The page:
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A smile is a powerful tool. How often has your day been brightened by a smile? What would you do if you were afraid to smile because of missing or damaged teeth? Consider dating or trying to find a job without front teeth. This is an emotional and economic hindrance as well. Imagine you were in pain from an infected tooth? You would go to the dentist, right? Unfortunately, not all Iowans have that option.

Oral healthcare impacts overall wellbeing. It is my responsibility as a dentist to support my fellow community members by providing services to those who need them. As a small business owner, I am responsible to my staff and the other businesses who depend on my office to stay afloat. To balance these roles, I am forced to limit the number of Medicaid patients I can see.

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It is not that I don’t want to see Medicaid patients. I would see new Medicaid patients if the reimbursement fees were not so dismal that they do not cover the basic cost of a procedure. For example, to replace a broken tooth on a denture, I have to pay an outside lab $120-$130, and I am reimbursed $51.17. This is a 2-appointment procedure, and it means I am essentially paying to provide this care and not covering my costs at all (i.e. keeping the lights on, paying my staff). This is not sustainable and forces me to limit the number of Medicaid patients I can see simply because it’s impossible for offices to absorb that loss for a high number of patients.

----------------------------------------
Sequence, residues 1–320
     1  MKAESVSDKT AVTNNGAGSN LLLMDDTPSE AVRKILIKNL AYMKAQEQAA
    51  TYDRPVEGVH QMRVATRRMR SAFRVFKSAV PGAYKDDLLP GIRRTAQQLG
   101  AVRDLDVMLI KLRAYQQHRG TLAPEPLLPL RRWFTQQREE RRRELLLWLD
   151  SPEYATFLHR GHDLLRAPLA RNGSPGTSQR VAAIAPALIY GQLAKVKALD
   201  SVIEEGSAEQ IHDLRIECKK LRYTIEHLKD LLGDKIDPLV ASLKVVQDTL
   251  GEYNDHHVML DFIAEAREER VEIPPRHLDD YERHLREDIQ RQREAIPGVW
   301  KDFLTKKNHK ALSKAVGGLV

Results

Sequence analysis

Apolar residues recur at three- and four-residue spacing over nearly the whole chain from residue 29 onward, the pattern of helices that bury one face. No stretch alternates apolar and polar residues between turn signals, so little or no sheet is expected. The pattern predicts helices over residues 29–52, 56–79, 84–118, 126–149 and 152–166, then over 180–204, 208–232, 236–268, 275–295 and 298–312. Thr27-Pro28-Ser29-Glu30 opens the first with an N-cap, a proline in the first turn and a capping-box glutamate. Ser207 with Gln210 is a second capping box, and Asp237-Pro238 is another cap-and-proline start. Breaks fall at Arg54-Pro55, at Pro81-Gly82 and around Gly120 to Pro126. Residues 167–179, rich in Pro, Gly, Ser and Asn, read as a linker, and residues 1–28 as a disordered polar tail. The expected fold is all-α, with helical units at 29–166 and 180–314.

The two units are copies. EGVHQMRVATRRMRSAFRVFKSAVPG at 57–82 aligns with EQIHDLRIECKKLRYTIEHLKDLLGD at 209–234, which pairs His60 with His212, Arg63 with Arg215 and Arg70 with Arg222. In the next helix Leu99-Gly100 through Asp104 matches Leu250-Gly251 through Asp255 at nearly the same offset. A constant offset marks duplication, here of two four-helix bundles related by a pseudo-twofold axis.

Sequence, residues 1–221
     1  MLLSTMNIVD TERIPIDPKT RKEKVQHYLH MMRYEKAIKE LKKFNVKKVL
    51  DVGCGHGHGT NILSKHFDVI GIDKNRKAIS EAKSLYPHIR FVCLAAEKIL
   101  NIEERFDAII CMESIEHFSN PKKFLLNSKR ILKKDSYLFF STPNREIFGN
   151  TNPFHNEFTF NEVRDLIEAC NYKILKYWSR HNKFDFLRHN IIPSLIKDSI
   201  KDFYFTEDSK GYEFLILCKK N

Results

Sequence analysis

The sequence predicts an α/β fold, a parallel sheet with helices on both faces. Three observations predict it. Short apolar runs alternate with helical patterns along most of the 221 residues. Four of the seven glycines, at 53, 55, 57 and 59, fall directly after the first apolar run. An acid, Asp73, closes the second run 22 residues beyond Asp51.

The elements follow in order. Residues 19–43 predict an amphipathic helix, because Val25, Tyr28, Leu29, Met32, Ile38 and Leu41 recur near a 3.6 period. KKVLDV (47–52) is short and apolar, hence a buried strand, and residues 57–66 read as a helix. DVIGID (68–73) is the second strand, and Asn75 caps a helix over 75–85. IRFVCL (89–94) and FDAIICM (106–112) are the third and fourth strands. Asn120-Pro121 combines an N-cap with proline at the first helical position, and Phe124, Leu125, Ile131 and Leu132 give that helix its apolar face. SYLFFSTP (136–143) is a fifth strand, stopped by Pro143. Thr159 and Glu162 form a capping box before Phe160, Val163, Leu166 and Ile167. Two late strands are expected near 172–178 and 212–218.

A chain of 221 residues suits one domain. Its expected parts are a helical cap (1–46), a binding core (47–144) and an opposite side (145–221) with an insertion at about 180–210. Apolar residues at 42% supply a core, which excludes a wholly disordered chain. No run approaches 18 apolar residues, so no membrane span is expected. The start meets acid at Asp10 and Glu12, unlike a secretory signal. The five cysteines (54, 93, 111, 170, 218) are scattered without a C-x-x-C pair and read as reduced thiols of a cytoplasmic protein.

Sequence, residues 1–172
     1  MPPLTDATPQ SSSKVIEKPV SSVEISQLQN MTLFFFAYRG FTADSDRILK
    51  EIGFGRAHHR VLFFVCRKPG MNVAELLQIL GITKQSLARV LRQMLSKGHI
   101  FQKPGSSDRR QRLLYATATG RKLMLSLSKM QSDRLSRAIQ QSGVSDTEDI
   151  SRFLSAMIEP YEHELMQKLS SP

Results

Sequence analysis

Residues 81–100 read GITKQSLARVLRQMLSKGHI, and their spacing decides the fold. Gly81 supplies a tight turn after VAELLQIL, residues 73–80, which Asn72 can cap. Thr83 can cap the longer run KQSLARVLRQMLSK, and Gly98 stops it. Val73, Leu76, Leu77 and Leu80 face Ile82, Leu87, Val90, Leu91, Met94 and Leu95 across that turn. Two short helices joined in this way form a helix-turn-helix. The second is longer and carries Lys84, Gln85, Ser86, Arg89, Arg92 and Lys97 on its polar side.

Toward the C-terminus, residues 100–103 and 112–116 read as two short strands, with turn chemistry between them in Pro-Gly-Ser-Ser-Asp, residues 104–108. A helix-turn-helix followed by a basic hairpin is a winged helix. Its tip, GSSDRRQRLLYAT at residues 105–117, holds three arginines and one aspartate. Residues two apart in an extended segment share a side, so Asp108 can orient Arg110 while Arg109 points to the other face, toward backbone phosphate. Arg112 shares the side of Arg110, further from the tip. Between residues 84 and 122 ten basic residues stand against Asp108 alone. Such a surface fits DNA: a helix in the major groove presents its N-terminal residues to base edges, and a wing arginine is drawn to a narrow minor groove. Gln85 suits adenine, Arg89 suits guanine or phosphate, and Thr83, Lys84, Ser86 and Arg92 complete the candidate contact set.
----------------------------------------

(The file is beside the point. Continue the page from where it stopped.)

This issue has forced the more than 700,000 Iowans relying on Medicaid dental services to often travel long distances for care and get on “wait lists” to receive care. Iowa’s Medicaid rates have not been increased in 20 years, which has led to more and more providers discontinuing to serve Medicaid patients altogether.

I, and hundreds of Iowa dentists, provide free care through multiple programs, like the Iowa Mission of Mercy (IMOM), a two-day free dental clinic. I also donate care through Donated Dental Services, Stand Down, Smile Squad, and international dental mission trips. I believe it is a privilege to use my skills as a dentist to heal our community at no charge, and I think we all have a responsibility to give back to our communities. Unfortunately, these charity programs are not the solution to the underlying problem that is facing the low-income Iowans who need regular oral healthcare provided by a dental office, commonly referred to as a dental home. A dental home is a place to get a cleaning and regular check-up, but also to ensure that issues like cavities do not develop into something worse, resulting in infection or tooth loss.

It is time that we join our neighbors in Minnesota, Wisconsin, and South Dakota and substantially increase dental Medicaid rates so patients can get the care they need. Achieving this should make every Iowan smile!

Zach Kouri, DDS, practices in Des Moines and is the current President of the Iowa Dental Association, as well as the President-Elect of the Iowa Dental Foundation. Dr. Kouri treats Iowans in need on a daily basis, and he has served as the Clinic Chief of the Iowa Mission of Mercy for many years. IMOM will be held in Des Moines November 4-5, 2022, and over 1,000 patients are expected to receive free oral healthcare during the course of the two-day dental clinic.

Author: Zach Kouri

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